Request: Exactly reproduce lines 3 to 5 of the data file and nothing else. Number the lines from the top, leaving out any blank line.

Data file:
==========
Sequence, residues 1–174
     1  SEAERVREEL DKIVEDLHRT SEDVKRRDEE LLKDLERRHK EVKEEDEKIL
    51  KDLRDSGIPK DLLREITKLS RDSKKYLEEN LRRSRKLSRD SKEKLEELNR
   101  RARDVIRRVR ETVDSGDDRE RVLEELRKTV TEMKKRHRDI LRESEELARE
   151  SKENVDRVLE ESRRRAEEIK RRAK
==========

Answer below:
    51  KDLRDSGIPK DLLREITKLS RDSKKYLEEN LRRSRKLSRD SKEKLEELNR
   101  RARDVIRRVR ETVDSGDDRE RVLEELRKTV TEMKKRHRDI LRESEELARE
   151  SKENVDRVLE ESRRRAEEIK RRAK